Updated: May 19, 2020
A buck's curiosity makes him predictable if you spooked him without him seeing you. Most times they want to know who's in their back yard.
(Pictured above: On a grouse hunting trip a curious, chocolate-antlered buck circled down wind to study the intruders. Photographer - Chris Baker - Kalkaska State Forest, MI)
I spent my early years of bow hunting getting too close to a buck's bedding area. I was always scouting with bow in hand for the closest spot I could find next to a bedding area with billboard-like signs of a buck being in the area. A broadcast of tree rubs, and ground scrapes were what I was searching for. A handful of times I made the mistake of NOT stopping, and backing off when I found just that. I really underestimated a deer's senses. I always tried to push a little closer. What always seemed to happen? "SNAP!!" The heart crushing sound of a grass-buried twig snapping under my boot. Up ahead I would hear brush rustling, and branches breaking followed by what I at first described as the sound of a horse galloping away. The "stop & stare" moment followed when my feet where still in the direction I was stalking, but my body was twisted around as I locked eyes with what I was after - those big, brown, bucks sniffing the air down wind of me. Then without blowing, or stomping they would bound away with the white tail flagging. I expected them to circle back like that, as I have read a Field & Stream article years ago that they will do just that , but I never took the chance of a shot. I mentally wasn't ready to react with my bow. I was more in awe at what just took place, and would freeze in high hopes they wouldn't bound away. That was the denial talking! They did bound away! Quickly! Every last one of them! (I'm chuckling right now) You would think something reached up, and bit them. Something did though - my scent!
I haven't had this situation come up in a long time, because I changed some ways of going about my archery season. If it did happen, what would I do? I'd like to think I would knock an arrow, if one isn't already, and draw that bow back quickly. Track the animal's movements at full draw while moving the body in a way that doesn't compromise the shot. If they're not running to Canada to escape, I have found that they will stop at two points: the first opening that they can get visuals of you, or they will circle to down wind to get visuals, and smell. I find it fascinating that they seem to know the exact point of downwind. They're a curious animal, and bucks have a tendency to see what's up. Think of a dog in it's own back yard. That's their back yard. Where you are is the buck's back yard. They want to know everything about you unless you came through clowning around making all kinds of noise. The more subtle the intrusion, the more curiosity. If you manage to pull your bow back, and get on track in time, pay attention to what's beyond you. There may be saplings, or branches from saplings in the arrows flight path that are out of focus. Only take an ethical shot. If it's rifle season, it should be a done deal. Just pull that gun up, and track the animal. Wait for the shot. PAY ATTENTION TO WHATS BEYOND THE TARGET!!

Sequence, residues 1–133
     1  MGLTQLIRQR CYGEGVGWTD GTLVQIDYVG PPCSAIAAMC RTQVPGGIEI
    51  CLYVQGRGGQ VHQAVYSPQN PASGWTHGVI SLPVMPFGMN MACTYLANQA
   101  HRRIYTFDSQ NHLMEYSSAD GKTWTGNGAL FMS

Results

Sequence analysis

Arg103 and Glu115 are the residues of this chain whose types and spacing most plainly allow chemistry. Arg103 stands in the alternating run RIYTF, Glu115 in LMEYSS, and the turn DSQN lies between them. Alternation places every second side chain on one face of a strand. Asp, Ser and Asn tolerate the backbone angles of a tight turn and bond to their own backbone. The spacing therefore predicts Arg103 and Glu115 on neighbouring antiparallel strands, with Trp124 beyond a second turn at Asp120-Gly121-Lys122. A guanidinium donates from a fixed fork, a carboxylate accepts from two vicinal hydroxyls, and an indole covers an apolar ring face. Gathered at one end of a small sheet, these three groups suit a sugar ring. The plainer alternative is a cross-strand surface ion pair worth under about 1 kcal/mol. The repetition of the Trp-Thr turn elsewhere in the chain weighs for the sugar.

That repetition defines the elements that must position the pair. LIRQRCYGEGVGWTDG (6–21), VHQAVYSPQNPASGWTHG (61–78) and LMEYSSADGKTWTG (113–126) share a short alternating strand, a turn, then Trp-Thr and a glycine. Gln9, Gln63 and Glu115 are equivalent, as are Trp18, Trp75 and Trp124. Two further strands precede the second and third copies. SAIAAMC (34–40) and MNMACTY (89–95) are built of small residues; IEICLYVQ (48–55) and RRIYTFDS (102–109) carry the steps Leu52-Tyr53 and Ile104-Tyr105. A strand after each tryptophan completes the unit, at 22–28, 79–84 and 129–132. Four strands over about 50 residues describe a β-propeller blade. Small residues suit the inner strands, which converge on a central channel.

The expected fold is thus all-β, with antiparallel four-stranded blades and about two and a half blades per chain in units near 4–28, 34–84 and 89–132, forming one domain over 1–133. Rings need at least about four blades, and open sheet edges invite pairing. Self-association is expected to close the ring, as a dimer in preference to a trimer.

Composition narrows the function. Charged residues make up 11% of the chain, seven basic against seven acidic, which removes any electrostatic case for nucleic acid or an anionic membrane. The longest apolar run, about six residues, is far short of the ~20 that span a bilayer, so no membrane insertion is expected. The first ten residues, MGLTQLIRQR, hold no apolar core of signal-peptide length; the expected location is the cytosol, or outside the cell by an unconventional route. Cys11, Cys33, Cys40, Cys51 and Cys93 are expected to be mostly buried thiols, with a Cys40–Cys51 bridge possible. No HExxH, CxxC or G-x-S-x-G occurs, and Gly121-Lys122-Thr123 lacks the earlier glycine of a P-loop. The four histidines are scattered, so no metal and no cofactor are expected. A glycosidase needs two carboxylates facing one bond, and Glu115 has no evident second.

Why did I run into this problem so often? I did, because I was hunting public land that I didn't get a chance to scout yet. I was scouting on the fly, and would get too close to the bedding areas. I still primarily hunt public land. The only bucks I've ever taken were taken off of public land, one of which I took just 20 minutes after parking the truck, and doing a quick scout of an area I had never been to before. What happens is I usually work a lot of hours, including Saturdays. That used to be my excuse in my early 20's as to why I would never scout till I was on foot, with bow in hand. In hindsight, that was lack of dedication. I have since corrected it. I make time nowadays. I found it's importance. It's okay to go in an area to scout, and spook deer a couple months before you plan on hunting the area. They'll be back. If you scout at the end of the summer, you'll have plenty of time to scout several locations. You may need a couple locations as back up when hunting public land anyways due to crowding from other hunters. When it comes to bucks, if one buck liked an area, and has it all marked up, then other bucks will like that area too. They recycle bedding areas. You can plan a treestand location based off of old tree rubs, and scrapes if the area is heavily marked. One scrape, or rub here, and there isn't what I'm talking about .
I'm talking about 6-8 saplings, and trees next to each other in a thicket rubbed up, and a couple of scrapes nearby. There should have been several rubs you passed up on the way to that location. Once you find that location, back off a ways. Figure out what direction prevailing wind comes from, and find a tree to strap a stand to. Surely you'll catch him off guard.